are largely experienced by the animals while any benefits
arising from the research are largely directed to human
Guidelines for Ethical Research [36-39]
The UK has regulation on research involving animals
worldwide. Law of the Animals are (Scientific Procedures)
Act 1986. This law was act to protect animal by cause “pain,
suffering, distress or lasting harm” must be licensed.
‘Protected’ animals include all vertebrates (mammals, birds,
reptiles, amphibians and fish, and octopus). All procedures
must carry three separate licenses for the premise; the
researcher and the project.
Licences for research involving animals
Premise Licence: The place where research is conducted
must meet standards of animal housing and care and is
regularly subject to inspection by the Animals (Scientific
Procedures) Inspectorate. In 1999, there were 296 designated
premises in the UK.
Personal Licence: Any person conducting animal procedures
must be competent to do so and must have completed an
accredited training course in order to be awarded a licence.
This licence specifies which procedures can be conducted and
on which species. In 1999, there were around 13,700 active
personal licences in the UK.
Project Licence: This defines the types of animals which
may be used, the estimated number to be used, and the
procedures that may be carried out. The licence application
includes details of the purpose of the project, an initial
welfare assessment and a limit of severity for each procedure.
In general, project licences should only be granted if:
The research cannot be done without animals;
The likely costs of the research are weighted against the
potential benefits in a cost benefit assessment, and the
benefits are deemed to be greater;
The minimum number of animals will be used;
Researchers and technicians are trained and experienced
in animal testing;
Research premises have facilities for animal care.
Inspectors visit laboratories to assess licence regulations.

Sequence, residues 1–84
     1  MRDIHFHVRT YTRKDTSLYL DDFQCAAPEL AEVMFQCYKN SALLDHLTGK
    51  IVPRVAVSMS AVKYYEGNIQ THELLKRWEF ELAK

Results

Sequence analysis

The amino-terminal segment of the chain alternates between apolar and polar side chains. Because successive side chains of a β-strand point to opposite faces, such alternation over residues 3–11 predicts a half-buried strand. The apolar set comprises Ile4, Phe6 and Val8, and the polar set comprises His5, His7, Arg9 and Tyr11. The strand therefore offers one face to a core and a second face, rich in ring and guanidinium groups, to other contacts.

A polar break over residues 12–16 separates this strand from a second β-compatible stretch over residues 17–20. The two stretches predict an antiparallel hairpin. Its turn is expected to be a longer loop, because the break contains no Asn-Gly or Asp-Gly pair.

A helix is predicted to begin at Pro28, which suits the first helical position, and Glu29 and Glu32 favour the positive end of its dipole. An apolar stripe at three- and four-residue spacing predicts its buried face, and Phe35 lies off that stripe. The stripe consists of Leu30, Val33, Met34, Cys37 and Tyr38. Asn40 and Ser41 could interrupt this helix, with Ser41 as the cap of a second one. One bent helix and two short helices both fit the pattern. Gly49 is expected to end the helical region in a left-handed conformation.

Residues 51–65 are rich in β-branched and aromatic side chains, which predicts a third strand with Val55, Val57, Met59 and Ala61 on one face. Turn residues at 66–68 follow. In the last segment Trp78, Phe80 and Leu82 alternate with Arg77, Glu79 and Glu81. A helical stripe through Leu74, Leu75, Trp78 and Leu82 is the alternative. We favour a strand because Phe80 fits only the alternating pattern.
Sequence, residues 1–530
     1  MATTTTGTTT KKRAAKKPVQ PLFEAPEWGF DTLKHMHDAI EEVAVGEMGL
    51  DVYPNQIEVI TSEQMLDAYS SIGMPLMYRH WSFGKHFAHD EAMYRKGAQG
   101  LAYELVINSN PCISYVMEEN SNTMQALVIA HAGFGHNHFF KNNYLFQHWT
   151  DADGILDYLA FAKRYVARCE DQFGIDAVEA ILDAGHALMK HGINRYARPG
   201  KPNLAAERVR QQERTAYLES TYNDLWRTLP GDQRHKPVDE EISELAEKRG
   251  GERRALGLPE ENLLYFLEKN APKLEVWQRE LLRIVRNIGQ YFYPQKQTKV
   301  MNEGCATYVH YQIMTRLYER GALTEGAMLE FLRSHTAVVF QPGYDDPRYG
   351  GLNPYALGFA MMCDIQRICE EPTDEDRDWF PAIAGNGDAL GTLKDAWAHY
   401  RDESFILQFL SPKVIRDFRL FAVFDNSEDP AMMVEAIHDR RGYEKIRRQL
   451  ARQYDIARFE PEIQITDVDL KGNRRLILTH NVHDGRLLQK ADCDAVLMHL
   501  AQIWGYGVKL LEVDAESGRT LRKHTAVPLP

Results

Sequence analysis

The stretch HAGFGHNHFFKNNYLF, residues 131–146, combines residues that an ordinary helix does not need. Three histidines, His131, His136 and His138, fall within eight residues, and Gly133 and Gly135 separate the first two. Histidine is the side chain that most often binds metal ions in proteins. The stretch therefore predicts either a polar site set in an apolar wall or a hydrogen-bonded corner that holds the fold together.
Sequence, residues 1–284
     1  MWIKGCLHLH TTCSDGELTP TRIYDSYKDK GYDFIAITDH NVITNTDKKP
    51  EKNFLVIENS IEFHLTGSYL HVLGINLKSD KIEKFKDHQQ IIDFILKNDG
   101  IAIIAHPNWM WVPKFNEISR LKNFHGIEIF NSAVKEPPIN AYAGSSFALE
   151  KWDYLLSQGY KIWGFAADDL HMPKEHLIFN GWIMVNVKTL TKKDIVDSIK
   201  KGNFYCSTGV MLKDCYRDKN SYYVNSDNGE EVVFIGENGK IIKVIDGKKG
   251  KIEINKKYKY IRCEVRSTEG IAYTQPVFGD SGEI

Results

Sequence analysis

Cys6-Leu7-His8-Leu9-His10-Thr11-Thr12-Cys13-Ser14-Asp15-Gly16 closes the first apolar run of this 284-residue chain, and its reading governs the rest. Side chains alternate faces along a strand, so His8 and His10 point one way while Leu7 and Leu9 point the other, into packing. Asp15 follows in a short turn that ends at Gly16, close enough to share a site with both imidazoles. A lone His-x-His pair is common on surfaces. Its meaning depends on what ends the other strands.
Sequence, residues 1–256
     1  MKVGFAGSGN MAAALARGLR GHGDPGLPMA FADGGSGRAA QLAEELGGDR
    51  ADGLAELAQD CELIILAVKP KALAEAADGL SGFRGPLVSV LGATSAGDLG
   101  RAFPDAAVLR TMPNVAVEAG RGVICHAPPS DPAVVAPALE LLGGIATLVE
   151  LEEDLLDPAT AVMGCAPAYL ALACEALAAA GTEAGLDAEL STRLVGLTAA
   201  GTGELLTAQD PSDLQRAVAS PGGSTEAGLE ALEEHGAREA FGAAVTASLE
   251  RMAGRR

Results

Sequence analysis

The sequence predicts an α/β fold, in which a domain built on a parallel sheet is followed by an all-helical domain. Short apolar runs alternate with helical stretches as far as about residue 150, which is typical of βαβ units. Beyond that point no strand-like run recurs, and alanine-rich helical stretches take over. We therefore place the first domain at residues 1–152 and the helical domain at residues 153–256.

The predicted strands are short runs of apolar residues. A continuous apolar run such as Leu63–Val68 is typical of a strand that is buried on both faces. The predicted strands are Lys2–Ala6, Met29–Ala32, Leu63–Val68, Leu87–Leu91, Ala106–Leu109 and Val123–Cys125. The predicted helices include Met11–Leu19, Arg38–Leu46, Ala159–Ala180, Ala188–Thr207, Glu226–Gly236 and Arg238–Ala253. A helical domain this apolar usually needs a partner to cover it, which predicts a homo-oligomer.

There are currently 25 inspectors in the UK, who make more
than 2,100 in every year. The independent Animal Procedures
Committee (APC) was established to advise the Secretary of
State on the operation of the 1986 Act.
Testing Guidelines
Testing guidelines are developed for a variety of reasons:
To allow results of various test substances or species to
be easily compared,
To encourage the use of certain protocols so that testing
need not be repeated, and
To facilitate the work of those who design and carry out
Many organizations differently developed their own testing
FDA Guidelines Involving Whole Animal Testing
OECD Guidelines Involving Whole Animal Testing
Pesticide Assessment Guidelines Involving Whole-
Animal Testing
Ethical guidelines of animal testing are:
CPCSEA Committee for the Purpose of Control and
Supervision on Experiments on Animals
CARE Community on Animal Research and Ethics
GCUASR Guidelines For Care And Use Of Animals In
Scientific Research
NACLAR National Advisory Community for Laboratory
Animal Research
APA American Psychological-al Association
Table 1: Different Community Work for the Ethical Guidelines for Animal
Full Form
Committee for the Purpose
of Control and Supervision
on Experiments on
Community on Animal
Research and Ethics
Guidelines For
Care And Use Of
Animals In
National Advisory
Community for
Laboratory Animal
American Psychological-
al Association
India Washington, DC
Indian National
Australia, Canada,
New Zealand, US, US
Guidelines is to promote
the humane care of animals
used in biomedical and
behavioural research and
testing with the basic
objective of providing
specifications that will
enhance animal well-being,
Important parts of these
endeavours are teaching
and research on the
behaviour of nonhuman
animals, which
contribute to the
understanding of basic